Man & Woman’s Bamboo Lime Containers
Batak People, North Sumatra, Indonesia
early 20th century
heights: 17.7cm & 8.5cm
These two containers have been fashioned from wood and bamboo, and are from the Karo Batak people of north Sumatra. Usually, such containers are used to hold lime for use in making the betel quid. (Betel is a type of mild narcotic that is chewed.)
The bamboo body of the taller of the two has been etched with fine geometric patterns. It sits on a wooden base and has a wooden top and lid. The underside of the base has been inset with mirrored glass. The relatively flat lid denotes that it was meant to be used by a man. Lids that are more domed were intedned for women (Sibeth & Carpenter, 2007, p. 335).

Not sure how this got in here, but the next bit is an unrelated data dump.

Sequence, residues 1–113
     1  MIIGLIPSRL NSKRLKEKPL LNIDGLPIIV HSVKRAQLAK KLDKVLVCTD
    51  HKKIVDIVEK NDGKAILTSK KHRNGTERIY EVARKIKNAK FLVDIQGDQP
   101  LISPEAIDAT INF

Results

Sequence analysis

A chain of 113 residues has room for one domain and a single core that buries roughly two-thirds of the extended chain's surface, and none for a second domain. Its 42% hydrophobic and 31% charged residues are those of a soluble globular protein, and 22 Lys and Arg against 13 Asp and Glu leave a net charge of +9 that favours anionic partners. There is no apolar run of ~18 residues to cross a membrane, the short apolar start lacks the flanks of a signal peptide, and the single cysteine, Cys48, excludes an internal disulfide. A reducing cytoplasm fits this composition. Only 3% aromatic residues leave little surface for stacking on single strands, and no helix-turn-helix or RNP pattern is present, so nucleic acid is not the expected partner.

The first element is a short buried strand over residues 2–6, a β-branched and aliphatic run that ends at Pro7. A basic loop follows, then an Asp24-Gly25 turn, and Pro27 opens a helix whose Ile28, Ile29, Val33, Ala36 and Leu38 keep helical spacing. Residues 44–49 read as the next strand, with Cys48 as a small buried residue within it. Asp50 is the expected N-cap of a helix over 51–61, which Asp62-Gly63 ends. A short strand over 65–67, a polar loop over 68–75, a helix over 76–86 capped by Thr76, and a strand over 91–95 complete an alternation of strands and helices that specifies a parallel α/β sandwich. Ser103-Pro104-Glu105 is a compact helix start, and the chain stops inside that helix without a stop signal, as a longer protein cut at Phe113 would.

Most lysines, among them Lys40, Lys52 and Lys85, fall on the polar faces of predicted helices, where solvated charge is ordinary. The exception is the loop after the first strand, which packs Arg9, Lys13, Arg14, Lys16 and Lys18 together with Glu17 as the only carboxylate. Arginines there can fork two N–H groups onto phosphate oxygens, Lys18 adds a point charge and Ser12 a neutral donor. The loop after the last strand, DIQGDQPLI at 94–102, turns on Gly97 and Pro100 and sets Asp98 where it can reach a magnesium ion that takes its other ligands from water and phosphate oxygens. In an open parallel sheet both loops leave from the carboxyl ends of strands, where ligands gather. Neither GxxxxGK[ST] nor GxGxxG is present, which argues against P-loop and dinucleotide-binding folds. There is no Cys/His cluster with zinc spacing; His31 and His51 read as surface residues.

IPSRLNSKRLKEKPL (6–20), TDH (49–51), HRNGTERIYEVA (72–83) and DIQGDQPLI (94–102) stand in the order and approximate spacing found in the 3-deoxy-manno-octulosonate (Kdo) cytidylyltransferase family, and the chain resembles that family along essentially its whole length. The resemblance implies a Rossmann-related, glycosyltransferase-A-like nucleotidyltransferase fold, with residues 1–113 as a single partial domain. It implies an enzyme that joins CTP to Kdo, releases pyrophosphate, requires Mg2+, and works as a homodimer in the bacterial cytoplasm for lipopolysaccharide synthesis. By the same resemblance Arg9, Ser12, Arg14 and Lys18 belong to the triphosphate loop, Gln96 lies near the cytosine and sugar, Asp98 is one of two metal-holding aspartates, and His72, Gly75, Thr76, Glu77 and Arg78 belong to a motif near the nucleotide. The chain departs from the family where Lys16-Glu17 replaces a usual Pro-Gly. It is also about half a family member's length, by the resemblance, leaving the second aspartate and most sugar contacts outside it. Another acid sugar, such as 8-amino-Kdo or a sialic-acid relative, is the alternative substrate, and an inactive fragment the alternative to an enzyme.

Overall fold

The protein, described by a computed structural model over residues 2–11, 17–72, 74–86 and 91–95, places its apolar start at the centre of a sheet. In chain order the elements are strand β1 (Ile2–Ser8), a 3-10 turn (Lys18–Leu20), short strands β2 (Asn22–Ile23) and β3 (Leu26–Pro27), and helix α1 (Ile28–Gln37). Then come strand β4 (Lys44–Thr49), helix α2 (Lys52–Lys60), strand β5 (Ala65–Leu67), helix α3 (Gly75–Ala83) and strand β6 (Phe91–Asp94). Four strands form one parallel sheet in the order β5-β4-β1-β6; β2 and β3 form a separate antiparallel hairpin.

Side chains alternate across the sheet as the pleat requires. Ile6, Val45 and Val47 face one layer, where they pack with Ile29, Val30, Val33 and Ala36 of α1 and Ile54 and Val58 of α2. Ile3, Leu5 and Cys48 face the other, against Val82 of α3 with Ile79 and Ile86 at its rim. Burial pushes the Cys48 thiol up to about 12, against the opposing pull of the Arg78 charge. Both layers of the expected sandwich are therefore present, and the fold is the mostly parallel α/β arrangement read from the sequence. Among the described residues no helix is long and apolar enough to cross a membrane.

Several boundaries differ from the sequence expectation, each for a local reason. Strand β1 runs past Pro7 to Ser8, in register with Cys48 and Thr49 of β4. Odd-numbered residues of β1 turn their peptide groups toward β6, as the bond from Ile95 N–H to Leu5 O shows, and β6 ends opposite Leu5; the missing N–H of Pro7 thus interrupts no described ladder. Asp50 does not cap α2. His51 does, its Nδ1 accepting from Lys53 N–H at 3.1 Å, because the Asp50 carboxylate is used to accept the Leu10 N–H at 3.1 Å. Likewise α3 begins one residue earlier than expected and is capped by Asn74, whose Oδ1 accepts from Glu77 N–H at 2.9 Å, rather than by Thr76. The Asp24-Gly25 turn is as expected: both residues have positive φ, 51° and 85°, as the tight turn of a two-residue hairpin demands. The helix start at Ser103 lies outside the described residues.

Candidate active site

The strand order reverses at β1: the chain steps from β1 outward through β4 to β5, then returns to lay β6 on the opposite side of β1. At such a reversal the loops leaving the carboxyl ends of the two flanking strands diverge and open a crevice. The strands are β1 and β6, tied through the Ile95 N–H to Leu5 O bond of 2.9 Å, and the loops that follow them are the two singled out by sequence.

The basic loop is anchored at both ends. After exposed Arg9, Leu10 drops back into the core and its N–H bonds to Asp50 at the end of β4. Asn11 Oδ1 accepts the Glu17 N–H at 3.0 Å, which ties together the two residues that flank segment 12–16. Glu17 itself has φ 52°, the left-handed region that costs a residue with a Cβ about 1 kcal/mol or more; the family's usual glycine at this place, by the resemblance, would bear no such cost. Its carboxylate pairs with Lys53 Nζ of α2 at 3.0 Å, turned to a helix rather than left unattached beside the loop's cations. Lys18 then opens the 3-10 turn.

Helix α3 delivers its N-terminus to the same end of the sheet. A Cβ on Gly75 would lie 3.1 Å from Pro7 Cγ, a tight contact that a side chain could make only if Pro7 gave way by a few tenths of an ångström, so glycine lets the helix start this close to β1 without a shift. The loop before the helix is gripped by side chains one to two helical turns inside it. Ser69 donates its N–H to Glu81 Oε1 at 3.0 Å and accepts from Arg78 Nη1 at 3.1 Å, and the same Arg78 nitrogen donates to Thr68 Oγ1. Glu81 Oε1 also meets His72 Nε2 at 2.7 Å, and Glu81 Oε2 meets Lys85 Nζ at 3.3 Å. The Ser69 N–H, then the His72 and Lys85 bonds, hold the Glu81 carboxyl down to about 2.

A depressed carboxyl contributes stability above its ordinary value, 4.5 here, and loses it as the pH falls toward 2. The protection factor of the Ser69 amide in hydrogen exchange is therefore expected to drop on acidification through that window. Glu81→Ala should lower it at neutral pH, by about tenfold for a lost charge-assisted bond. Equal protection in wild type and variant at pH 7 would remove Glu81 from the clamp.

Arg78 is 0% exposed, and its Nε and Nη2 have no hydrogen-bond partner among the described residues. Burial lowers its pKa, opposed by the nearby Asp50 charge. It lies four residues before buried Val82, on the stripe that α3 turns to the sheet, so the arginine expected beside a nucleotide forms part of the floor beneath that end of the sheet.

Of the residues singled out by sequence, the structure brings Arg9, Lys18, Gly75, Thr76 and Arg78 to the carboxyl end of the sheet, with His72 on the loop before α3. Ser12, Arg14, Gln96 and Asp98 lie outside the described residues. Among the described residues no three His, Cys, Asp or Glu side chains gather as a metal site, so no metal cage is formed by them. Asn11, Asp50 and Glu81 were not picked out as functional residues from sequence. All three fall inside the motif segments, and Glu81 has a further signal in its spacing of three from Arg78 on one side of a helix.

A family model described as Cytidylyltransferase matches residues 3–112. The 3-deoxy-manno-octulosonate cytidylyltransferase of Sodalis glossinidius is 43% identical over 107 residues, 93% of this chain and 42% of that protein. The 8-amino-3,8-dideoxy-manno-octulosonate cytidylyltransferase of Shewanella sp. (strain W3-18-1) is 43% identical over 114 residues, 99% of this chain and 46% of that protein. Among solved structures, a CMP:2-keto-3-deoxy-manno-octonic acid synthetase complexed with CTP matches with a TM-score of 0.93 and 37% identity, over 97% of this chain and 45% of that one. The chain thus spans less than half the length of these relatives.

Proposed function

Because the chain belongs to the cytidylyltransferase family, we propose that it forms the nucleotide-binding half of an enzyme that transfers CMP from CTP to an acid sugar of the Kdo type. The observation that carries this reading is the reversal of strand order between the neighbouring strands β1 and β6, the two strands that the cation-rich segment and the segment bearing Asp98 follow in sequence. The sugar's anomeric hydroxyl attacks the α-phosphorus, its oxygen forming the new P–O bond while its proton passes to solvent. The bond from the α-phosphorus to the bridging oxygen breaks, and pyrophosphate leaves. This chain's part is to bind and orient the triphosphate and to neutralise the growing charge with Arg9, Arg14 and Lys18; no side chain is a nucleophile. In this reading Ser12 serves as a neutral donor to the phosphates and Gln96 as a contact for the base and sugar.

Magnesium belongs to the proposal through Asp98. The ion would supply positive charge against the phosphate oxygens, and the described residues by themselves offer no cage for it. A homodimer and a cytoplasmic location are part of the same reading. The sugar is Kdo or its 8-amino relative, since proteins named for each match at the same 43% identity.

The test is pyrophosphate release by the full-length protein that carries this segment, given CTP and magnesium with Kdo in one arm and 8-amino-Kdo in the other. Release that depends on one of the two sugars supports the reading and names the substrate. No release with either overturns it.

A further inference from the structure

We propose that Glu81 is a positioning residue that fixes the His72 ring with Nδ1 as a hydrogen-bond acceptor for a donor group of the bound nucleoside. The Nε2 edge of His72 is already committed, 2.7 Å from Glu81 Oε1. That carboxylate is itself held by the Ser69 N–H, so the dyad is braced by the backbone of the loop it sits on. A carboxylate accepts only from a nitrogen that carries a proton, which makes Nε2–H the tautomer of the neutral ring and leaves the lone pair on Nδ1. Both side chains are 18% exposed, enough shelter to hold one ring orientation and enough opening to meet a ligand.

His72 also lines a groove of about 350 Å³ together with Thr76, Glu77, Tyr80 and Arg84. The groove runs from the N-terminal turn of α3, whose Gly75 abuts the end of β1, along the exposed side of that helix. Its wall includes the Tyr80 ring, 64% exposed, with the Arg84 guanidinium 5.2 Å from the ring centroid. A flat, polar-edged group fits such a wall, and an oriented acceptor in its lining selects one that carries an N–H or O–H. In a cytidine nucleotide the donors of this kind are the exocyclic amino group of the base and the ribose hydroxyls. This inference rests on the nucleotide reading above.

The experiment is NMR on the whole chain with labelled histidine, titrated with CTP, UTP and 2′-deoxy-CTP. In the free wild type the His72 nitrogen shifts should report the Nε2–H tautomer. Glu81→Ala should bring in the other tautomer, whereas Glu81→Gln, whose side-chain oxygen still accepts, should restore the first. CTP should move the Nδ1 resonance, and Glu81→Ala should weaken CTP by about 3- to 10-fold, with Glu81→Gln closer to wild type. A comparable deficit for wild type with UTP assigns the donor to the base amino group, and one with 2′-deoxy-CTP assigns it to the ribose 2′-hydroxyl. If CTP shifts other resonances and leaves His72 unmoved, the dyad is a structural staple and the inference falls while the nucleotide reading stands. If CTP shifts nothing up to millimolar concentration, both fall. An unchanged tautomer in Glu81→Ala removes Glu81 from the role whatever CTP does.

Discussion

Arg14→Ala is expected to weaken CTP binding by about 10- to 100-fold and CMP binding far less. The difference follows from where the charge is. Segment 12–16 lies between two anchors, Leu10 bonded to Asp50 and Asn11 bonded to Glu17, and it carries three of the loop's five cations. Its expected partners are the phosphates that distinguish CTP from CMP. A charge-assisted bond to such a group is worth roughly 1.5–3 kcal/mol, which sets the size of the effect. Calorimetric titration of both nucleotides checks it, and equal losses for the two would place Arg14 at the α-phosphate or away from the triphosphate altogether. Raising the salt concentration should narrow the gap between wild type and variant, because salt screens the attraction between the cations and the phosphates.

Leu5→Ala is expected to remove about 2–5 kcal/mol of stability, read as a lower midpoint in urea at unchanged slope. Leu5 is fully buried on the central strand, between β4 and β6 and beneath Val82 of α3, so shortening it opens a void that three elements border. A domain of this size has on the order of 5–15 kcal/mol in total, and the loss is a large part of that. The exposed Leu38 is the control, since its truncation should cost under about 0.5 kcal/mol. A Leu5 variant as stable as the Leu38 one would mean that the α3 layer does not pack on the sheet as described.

The smaller container has a plain bamboo body with a base, top and lid all made of wood. The lid is domed and comes almost to a point. The base is a wooden disk, the underside of which has been finely carved with floral type patterns in a geometric framework. Lime remnants are inside. This type of lime container, like the taller version with domed lids, was intended to be used by women.
Similar examples to both are illustrated in Sibeth (1991, p. 155) and Sibeth & Carpenter (2007, p. 335-7).
Both are in fine condition. The taller has some light minor age-related chipping to an edge and some light, shrinkage-related cracking to the bamboo, but all is stable. Both have a fine, mellow patina.
Sibeth, A., The Batak: Peoples of Island Sumatra, Thames & Hudson, 1991.
Sibeth, A., & B. Carpenter,
Batak Sculpture, Editions Didier Millet, 2007.Provenance:
UK antique market
Inventory no.: 3344